In the state, both step-grandparents and grandparents fall under the category of “persons with legitimate interest” in a child’s welfare. Thus, it allows these groups of people the right to request either custody or visitation rights for the child.
While courts often lean the most heavily toward awarding custody to the biological parents of the child, they must always consider what is in the child’s best interest first. If this is not the biological parents, then grandparents may end up gaining custody instead.
When do courts grant custody?
VeryWell Family looks at some legal forms of custody regarding grandchildren. First, a grandparent must have a substantial claim to custody or at least have the belief that he or she can prove this true. Before all else, the grandparent must challenge the biological parents’ ability to provide the child with adequate care.
A court could potentially grant custody in the following cases:
- The child’s parents have lost custody of the child before
- There is proof that the child’s parents are unfit due to physical or mental abuse, abduction, or a child’s special needs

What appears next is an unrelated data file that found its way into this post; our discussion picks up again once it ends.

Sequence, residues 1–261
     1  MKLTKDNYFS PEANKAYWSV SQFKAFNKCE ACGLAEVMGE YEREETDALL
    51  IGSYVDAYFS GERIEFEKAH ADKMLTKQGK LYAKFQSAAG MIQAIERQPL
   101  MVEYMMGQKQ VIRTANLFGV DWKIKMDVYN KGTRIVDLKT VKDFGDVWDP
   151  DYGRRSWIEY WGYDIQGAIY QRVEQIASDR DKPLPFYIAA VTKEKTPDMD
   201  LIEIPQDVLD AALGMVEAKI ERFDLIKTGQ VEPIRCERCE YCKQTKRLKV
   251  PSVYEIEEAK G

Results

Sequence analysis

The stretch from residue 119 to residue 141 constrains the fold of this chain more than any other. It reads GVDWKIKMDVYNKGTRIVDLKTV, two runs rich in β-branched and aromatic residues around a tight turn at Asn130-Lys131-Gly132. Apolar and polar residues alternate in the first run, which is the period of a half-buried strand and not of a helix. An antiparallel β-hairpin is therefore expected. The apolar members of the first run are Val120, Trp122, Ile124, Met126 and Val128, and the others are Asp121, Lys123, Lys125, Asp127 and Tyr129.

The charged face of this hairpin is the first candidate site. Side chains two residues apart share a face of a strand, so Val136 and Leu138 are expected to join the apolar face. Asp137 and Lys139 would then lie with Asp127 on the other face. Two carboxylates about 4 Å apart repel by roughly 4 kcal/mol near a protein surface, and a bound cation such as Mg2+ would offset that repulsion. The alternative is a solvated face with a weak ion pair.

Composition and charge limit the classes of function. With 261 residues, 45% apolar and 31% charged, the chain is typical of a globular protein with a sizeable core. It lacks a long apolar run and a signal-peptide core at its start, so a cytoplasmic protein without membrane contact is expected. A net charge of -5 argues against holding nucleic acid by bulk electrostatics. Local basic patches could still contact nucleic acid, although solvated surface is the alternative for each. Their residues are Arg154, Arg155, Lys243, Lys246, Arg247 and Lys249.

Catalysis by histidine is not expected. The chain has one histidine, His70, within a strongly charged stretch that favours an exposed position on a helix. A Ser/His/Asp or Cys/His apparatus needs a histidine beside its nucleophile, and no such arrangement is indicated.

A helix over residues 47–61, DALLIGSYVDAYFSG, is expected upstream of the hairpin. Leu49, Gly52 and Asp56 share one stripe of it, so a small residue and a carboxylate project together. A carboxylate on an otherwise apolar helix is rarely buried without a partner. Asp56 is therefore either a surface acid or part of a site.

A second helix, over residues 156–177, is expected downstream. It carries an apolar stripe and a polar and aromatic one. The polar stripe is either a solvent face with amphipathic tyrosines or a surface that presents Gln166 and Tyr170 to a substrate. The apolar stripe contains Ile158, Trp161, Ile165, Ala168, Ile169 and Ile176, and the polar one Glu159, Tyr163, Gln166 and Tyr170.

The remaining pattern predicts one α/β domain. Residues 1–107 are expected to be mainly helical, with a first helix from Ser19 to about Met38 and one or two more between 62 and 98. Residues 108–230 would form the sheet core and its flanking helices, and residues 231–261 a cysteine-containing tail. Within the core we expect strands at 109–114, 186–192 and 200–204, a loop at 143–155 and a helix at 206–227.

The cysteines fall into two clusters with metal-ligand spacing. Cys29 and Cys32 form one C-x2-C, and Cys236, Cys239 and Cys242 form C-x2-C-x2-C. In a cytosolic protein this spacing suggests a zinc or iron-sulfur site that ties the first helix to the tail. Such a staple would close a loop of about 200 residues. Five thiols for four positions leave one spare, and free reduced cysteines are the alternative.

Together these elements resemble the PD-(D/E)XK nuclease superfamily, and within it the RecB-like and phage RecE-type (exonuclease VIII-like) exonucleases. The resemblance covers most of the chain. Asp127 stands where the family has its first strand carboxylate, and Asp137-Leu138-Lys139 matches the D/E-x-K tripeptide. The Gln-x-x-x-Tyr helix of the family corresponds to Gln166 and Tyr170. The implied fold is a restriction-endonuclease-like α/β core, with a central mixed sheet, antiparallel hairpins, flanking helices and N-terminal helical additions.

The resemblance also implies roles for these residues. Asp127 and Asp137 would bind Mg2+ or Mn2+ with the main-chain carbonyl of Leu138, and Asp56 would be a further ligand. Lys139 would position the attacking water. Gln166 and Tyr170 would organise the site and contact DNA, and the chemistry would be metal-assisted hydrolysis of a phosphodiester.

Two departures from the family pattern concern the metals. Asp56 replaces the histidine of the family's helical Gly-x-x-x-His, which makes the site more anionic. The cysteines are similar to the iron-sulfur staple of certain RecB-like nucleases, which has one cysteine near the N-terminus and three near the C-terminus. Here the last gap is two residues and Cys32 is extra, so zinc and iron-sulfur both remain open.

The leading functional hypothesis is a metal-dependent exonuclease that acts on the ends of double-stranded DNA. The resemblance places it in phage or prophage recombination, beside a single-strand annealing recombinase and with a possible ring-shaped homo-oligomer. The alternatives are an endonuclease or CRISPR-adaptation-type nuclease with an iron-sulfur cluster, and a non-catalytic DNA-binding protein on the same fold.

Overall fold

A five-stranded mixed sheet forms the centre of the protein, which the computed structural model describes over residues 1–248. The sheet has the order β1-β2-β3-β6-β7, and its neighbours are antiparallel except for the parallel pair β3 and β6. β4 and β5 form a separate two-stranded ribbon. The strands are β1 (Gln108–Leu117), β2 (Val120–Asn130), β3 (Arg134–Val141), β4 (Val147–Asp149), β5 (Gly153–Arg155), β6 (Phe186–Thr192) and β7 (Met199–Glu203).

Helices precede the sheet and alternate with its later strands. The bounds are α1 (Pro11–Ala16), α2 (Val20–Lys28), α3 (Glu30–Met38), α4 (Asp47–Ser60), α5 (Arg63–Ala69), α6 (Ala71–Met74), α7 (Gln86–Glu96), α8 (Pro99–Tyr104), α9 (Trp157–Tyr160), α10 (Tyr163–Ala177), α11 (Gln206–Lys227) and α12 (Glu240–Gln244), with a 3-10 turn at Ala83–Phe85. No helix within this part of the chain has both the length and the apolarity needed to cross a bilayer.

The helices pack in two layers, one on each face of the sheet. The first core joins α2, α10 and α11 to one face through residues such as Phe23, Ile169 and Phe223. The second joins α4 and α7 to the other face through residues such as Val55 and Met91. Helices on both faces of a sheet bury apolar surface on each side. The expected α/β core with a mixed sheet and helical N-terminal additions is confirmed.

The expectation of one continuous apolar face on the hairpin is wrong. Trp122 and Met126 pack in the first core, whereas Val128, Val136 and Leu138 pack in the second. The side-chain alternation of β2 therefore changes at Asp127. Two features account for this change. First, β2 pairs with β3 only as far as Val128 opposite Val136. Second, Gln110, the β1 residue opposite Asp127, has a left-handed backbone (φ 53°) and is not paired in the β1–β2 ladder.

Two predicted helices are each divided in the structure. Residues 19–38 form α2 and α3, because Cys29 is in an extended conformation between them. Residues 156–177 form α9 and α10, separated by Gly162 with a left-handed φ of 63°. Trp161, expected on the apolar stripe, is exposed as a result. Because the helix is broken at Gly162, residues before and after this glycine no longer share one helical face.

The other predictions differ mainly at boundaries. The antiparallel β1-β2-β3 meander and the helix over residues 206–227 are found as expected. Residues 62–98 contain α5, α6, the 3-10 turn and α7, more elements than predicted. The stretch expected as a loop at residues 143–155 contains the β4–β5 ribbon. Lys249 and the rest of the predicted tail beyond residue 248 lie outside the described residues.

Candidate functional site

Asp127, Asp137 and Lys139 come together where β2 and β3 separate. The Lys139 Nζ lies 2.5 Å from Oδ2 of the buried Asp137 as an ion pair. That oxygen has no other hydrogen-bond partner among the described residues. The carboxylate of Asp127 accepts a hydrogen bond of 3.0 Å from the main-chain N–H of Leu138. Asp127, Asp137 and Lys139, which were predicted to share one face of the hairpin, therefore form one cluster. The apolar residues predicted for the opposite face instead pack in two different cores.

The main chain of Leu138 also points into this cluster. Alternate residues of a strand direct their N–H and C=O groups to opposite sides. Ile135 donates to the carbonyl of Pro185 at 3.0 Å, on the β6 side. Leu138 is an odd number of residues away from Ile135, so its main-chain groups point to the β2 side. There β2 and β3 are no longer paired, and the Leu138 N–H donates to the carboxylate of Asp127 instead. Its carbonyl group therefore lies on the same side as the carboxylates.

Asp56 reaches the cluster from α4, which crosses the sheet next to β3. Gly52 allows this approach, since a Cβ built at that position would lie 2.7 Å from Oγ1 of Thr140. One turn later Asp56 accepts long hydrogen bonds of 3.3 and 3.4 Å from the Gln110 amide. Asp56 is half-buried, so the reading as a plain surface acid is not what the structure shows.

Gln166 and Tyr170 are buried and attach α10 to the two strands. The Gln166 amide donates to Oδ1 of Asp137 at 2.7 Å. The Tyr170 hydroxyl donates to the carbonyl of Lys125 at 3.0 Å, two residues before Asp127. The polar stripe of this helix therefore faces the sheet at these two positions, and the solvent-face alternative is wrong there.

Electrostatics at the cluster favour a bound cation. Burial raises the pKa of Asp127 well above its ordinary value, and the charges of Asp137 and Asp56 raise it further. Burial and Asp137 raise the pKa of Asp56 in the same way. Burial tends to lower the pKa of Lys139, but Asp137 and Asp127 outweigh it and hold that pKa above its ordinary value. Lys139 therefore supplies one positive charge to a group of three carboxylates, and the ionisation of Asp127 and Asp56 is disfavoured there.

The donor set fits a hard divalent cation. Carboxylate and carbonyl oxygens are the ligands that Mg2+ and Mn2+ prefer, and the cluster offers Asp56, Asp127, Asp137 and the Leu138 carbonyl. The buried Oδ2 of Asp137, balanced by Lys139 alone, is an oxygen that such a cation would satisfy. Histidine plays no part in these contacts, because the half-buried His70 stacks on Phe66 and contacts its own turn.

- The child’s parents gave up custody willingly
- The child’s parents effectively left their child abandoned
Losing your rights as a person with a legitimate interest
In two situations, a grandparent may potentially lose their rights as a person with legitimate interests. In the first case, it involves someone other than a stepparent adopting the child. The second case involves the courts revoking the parental rights of a grandparent’s son or daughter, which in turn also extends to them.
These scenarios can pose a tricky navigation problem, and thus it may benefit grandparents seeking custody to have legal aid in their quest.